In response to Sir Ken Robinson's discussion on education crushing creativity, here are some wonderful examples of students daring to be wrong:
100% Wrong But Totally Genius, Nonetheless
These students may have given the wrong answer, but in doing so have inadvertently produced a quite creative new perspective, in many cases revealing the students’ strengths and values.

This student probably didn’t do too well in chemistry, but he or she made a connection none of his or her fellow students or professor ever noticed. This student found something in common between the arbitrary letters of a chemical compound and a song from the beloved Lion King, two vastly different sections of the brain, presumably, that had to synchronize to think of this. If that’s not genius, I don’t know what is.

Instruction: Name the quadrilateral:
This student may not be a pro geometrist, but I bet she’d be a damn good story teller. Had the test asked her instead how each rectangle kept busy on the weekends, she would have probably come up with something quite creative, maybe even leading her to some geometry-related revelations she would never otherwise have understood using numbers and angles. Maybe Sam and Cate lean because they’re lazy, and maybe they fall over a lot. It’s clear that she sees something in these shapes her teacher isn’t looking for.

I really hope this student got the point. Although ‘hit’ was grammatically correct, it was ethically wrong, so he or she changed it, and even thought to leave a note explaining why. I hope he or she goes on to be an animal right’s activist.

This student should also get the point. They’re so good they’re correcting the test.

This student obviously has a natural understanding of Einstein’s theory of relativity.

Nothing says hell no like a big red X. Love, the strongest force on earth? Oh, honey, I don’t think so. That’s definitely not something we want our children growing up believing.

What could be a truer statement? Thank you for your honesty.

This is my personal favorite because this student’s mind is so beautiful and open he or she attributes cells human emotions.

Another clever punster who I think deserves some credit for their creativity.

This may strike you as hilarious, but to me it has much sadder implications. This student is obviously an appalling speller, slaughtering every single word, except ‘illiterate.’ Ironic, but it’s no coincidence. Well, that’s not true--it might be a coincidence in this case--I can’t possibly know, but it illustrates a point I want to make regarding labels. Like I said, this student is an awful speller, yet the one word he or she manages to spell correctly is ‘illiterate’, a word that others likely use to label him or her. If a student who’s this terrible at spelling spells ‘illiterate’ correctly on a test and nothing else, that tells me the student must hear and read the word a good amount, which only reflects on others’ insensitivity with name-calling, or labels. This student may not be an outstanding speller, but I wouldn’t venture to call him or her illiterate, given he or she at least attempts to sound it out. I may be jumping to conclusions, but either way, think twice before you dub someone a label.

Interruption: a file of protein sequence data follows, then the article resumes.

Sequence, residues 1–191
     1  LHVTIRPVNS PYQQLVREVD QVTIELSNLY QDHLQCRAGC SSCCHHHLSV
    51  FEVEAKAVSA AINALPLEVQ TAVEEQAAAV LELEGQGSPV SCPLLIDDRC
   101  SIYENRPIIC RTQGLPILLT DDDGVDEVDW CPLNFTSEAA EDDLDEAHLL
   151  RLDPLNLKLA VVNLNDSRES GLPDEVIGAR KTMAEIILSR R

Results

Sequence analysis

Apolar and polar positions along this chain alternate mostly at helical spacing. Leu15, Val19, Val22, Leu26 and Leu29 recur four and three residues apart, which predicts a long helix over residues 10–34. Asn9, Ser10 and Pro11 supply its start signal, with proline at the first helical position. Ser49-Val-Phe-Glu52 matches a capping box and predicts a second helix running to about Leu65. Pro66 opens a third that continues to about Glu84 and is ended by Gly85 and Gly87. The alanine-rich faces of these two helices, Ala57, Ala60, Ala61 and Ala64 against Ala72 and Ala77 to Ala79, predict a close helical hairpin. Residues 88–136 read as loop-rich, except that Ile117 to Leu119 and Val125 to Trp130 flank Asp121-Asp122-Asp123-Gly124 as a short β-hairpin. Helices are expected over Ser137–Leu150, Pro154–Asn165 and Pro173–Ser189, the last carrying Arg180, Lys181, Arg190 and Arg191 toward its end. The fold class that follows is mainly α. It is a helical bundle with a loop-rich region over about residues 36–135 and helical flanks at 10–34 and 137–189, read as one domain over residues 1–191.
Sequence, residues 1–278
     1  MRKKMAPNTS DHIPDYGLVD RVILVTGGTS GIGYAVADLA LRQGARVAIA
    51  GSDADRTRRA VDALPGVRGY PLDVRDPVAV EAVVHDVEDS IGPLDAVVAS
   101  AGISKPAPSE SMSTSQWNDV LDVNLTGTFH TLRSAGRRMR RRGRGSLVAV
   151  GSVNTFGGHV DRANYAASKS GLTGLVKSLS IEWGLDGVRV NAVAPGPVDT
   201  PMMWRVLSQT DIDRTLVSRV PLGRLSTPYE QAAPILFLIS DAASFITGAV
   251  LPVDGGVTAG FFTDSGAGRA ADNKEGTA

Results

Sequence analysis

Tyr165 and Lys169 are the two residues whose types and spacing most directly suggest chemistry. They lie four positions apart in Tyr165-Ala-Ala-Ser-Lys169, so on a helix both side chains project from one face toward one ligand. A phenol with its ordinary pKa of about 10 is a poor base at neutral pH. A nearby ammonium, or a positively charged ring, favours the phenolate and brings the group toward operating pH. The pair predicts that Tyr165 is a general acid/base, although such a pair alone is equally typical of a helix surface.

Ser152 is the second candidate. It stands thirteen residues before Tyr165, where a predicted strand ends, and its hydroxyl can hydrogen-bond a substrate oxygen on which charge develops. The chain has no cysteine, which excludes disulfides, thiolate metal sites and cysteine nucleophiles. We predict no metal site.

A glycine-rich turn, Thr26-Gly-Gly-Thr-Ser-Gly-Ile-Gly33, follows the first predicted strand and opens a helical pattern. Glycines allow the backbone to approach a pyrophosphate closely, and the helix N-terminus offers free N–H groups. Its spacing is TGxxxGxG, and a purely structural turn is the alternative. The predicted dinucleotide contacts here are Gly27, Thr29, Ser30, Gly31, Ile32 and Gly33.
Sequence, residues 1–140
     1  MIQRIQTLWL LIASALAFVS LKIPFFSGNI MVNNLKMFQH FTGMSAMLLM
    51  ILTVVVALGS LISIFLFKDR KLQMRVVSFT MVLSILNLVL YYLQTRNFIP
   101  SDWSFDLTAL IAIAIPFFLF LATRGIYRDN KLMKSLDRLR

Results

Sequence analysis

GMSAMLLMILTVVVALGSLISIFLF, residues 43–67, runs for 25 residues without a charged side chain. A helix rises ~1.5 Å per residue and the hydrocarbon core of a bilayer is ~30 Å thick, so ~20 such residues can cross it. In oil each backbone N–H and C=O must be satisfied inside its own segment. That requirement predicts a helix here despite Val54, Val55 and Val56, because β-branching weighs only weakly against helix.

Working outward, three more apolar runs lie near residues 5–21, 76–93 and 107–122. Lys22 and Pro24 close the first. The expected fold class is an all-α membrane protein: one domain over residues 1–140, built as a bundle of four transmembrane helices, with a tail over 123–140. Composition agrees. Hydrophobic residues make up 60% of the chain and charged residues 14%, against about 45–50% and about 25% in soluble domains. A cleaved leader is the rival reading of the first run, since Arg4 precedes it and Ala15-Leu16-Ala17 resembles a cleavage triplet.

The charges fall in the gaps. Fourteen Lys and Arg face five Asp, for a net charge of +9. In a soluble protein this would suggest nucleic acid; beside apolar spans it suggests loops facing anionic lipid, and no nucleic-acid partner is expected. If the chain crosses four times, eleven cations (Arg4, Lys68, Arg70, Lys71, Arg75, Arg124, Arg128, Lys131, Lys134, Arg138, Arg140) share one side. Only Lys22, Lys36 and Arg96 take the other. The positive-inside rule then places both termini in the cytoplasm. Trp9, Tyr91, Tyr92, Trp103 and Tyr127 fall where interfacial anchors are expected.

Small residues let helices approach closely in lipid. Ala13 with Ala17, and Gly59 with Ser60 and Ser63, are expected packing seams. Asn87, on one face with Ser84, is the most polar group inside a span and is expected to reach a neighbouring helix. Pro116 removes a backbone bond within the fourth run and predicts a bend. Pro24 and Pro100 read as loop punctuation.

And let’s not forget these visionary artists:
Another future animal rights activist. This student has more important things to think about than math, like global warming and endangered animals. They should at least get points for having their priorities in order.


Wednesday, December 11, 2013

Elementary Communications

Objective of Elementary Communications Class
This class would cover all the basics of communication, as pertaining to this age group (such as arguing with parents, and which arguments work best and why, and which approach would only aggravate the matter, and how to find a reasonable compromise). It would also cover all the different channels one can use to send a message, and when each one is most appropriate.

Why I Feel This Class Is Necessary
This material applies directly to all aspects of each student’s life, and might even relieve some stress at home and in the classroom. Students need to understand the importance of communication, given it’s something we’re doing constantly, unlike algebra or bio, no offence to math or science, but like I said, we cannot not communicate.

Possible Assignments, Lessons & Activities
Perhaps an illustrated children’s book would be effective for depicting different methods of delivering a message--sending a letter, text message or email, leaving a voicemail or post-it note, giving a gift, etc. (or, god forbid, speaking in person--a channel of communication I fear technology deems obsolete).
As a subsequent assignment, each student could come up with another way to send a message, one that isn’t in the book, and they could all turn in a page for their own class picture book of different ways to send a message. You could simply say it, you could say it with a song, you could bake it in a cake, etch a message in the skin of a banana, carve it into the bark of a tree, draw it in chalk on someone’s driveway… There are infinite ways to deliver a message. Each student could submit an illustration or a photo of them using their method.

Students could study comic-style illustrations depicting different scenarios involving kids their age, in which the children interact with parents, bullies, peers, or teachers, for example. There could be several versions, using several different methods of approaching  each interaction, some of which are more effective than the others, and the class would then discuss which method is the most successful. These lessons could be easily implemented into students’ lives outside of school. Plus, the comic-book-style-illustrations are visually appealing and can be easily presented on a smartboard, or simply in a picture book.